The Vampires Bite...and Suck - 2.5 Stars
Before I say anything further, I think it is important to state that this review is for the Audiobook version narrated by Christian Baskous. I really did enjoy [b:The Blood Gospel|15818164|The Blood Gospel (The Order of the Sanguines, #1)|James Rollins|https://d202m5krfqbpi5.cloudfront.net/books/1357605320s/15818164.jpg|21545770]. I was expecting the second installment to begin where we left off and to be filled with the action and discovery of the first book. In fact, I listed to the audiobook version of the first installment which was narrated by the same person. I don't always advise when I am reviewing an audiobook but in this case, the narration played a major role in my rating. Bad narration can ruin your enjoyment of an otherwise entertaining book.
After the events of the first book, our heroes, human and vampire, come back together to save the world as foretold in the Blood Gospel. The previously unknown (and evil) leader of the strigoi and human alliance reveals himself and his plan to begin Armageddon and told in the Book of Revelation. Are our heroes fighting against inevitable prophecy, being used for some other purpose or fighting against the pride and presumption of a single man.
The Good They Did One Thing Right
I read the first in the series nearly a year ago and quickly realized I could not remember the majority of the plot from the first installment. While most subsequent books in a series require some recap, I think it is lazy and poor writing to provide a recap on the reader by dumping the info in a massive download. Rollins and Cantrell expertly recap the first book by reminding us of events from time to time throughout the book. Despite my lack of memory, this kept me from feeling lost as I read the book.
The Bad An Elegy for James Rollins
Ok. This might be a bit of exaggeration but seriously, I have high expectations when I read a James Rollins novel. Generally, the characters well devised, the plot is taunt while moving quickly and the story is well research and intelligent. Unfortunately, none of these adjective describe this book.
While there were many characters, they were often confused, disoriented and unsure of themselves. While I appreciate a good broken and unsure character, I was never able to grasp exactly what it was that motivated the characters (beside the desire that the world not end) from scene to scene. The characters were simply not interesting or not likeable. This is quite the accomplishment considering I liked each of the characters in the first book.
The plot failed to get off the ground. The plot was as confused as the characters. Most James Rollins novels involves characters unfolding or solving some mystery. In this novels, the characters spent the majority of their time chasing shadows without much in the way of a plan. In the end it was only in part luck and logical leaps that allowed them to figure out the pieces missing to solve the puzzle. Additionally, this volume lacks Rollins trademark action. There is very little confrontation between characters and when there is, our heroes are impotent and unable to act. What is with this Guy
It is hard for me to understand how I can find great enjoyment in the narration of the first book but despise it in the second book. In this book it is as if the narrator took vocal lessons from some daytime soap stars. The pace was soap opera dramatic throughout and ran the gambit from melodramatic to cheesy. The voices he used were mostly bad. Most of the vampires sounded like the traditional, `I vant to suck your blood` Transylvania type vampires. The female voices were either childish sounding or sounded like an effeminate man. While I appreciate that a man doing a female voice is always a difficult task, the narrator made it sound like he wasn`t even trying. I feel as if I would have enjoyed this book more and rated the book higher if I have read this as opposed to listening to it. I you have choice, pick up the book and skip the audio. Final Thoughts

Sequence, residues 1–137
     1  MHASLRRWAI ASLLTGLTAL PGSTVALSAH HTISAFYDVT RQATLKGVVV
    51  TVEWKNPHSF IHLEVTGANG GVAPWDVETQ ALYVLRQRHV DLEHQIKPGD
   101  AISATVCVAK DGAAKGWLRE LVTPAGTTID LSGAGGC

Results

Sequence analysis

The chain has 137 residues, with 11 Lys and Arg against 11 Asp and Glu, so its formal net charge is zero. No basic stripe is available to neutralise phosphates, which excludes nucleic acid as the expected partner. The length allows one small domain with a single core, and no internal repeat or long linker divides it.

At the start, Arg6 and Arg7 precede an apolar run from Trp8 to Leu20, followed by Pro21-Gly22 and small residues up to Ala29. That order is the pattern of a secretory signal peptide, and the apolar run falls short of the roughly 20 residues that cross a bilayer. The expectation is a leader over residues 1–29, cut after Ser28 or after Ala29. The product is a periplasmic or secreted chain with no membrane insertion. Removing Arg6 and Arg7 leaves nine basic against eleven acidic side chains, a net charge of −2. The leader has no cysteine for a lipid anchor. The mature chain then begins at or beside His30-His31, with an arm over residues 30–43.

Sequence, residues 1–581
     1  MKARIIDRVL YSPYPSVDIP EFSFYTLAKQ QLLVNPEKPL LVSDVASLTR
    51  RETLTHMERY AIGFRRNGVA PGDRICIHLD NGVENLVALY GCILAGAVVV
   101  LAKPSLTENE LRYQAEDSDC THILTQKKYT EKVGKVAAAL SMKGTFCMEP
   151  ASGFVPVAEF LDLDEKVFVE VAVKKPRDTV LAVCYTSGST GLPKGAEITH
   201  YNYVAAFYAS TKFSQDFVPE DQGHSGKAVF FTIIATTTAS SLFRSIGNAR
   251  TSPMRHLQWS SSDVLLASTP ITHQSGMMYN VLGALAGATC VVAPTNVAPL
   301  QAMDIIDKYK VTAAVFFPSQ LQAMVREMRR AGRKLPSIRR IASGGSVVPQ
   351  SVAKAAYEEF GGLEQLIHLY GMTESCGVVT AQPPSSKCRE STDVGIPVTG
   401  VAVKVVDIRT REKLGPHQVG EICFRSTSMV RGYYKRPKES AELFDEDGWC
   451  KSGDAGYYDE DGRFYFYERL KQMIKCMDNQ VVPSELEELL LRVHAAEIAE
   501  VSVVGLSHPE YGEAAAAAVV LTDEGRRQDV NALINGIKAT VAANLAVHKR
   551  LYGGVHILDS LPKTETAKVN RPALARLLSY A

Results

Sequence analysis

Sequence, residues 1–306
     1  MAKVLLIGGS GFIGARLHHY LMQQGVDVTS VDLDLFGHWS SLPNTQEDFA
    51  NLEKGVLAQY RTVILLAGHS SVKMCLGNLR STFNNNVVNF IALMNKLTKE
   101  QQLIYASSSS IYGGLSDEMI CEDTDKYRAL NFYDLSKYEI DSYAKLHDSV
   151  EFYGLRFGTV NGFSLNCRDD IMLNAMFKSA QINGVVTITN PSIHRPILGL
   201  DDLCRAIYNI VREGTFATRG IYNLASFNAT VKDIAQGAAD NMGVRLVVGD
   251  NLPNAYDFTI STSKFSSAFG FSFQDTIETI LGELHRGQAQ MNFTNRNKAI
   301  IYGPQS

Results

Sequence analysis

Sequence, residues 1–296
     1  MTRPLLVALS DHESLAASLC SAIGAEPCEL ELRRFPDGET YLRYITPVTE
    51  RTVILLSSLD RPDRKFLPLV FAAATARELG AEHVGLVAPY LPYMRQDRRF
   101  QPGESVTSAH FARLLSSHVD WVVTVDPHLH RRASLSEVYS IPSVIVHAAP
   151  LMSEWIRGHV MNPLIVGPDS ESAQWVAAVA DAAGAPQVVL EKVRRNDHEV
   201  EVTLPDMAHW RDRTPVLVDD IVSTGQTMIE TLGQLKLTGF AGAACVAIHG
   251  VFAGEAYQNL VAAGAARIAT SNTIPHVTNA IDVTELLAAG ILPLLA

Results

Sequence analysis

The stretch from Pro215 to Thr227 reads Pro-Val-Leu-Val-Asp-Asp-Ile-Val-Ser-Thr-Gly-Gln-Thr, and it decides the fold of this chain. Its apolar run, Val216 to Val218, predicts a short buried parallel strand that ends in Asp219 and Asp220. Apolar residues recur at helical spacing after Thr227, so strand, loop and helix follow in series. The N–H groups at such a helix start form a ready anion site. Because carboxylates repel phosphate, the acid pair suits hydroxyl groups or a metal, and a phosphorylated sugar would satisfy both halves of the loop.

I have read interviews with James Rollins where to states that his writing partner, Rebecca Cantrell, is the one who is providing the dark and taunt atmosphere of the novels. In this case, there was more atmosphere than content. While the novel made you feel as if you our late at night standing under a streetlamp with a light fog at your at your feet and pack of vampires at your back, the reader become lost in the fog, knocks his head on the lamppost, falls into the fog and is devoured by the undead. A sad day for James Rollins.
Audiobook Notes Content Advisories
It is difficult to find commentary on the sex/violence/language content of book if you are interested. I make an effort to give you the information so you can make an informed decision before reading. *Disclaimer* I do not take note or count the occurrences of adult language as I read. I am simply giving approximations.
Scale 1 - Lowest 5 - Highest
Sex - 2.5
While there are no sex scenes to speak of, there is an allusion to one and one interrupted scene. Beyond this, there is also discussion of the erotic feelings when one is turned into a vampire. Several of the characters recount these experience and feelings. There is significant sexual tension and desire between two of the characters for much of the book.
Language - 2
As in most James Rollins novel, adult language is at a premium. I do not recall any uses of the f-word and only minor usage of other adult language.
Violence - 3
There is considerable less violence in this installment. Most of the violence in Rollins novels occurs in confrontations. In this volume, the characters spend their times tracking the bad guys and there are only a few confrontations. A few people die during the confrontation but there is not graphic of gratuitous violence. There is some mild monster violence when there is a recounting of the characters transformation in a vampire state.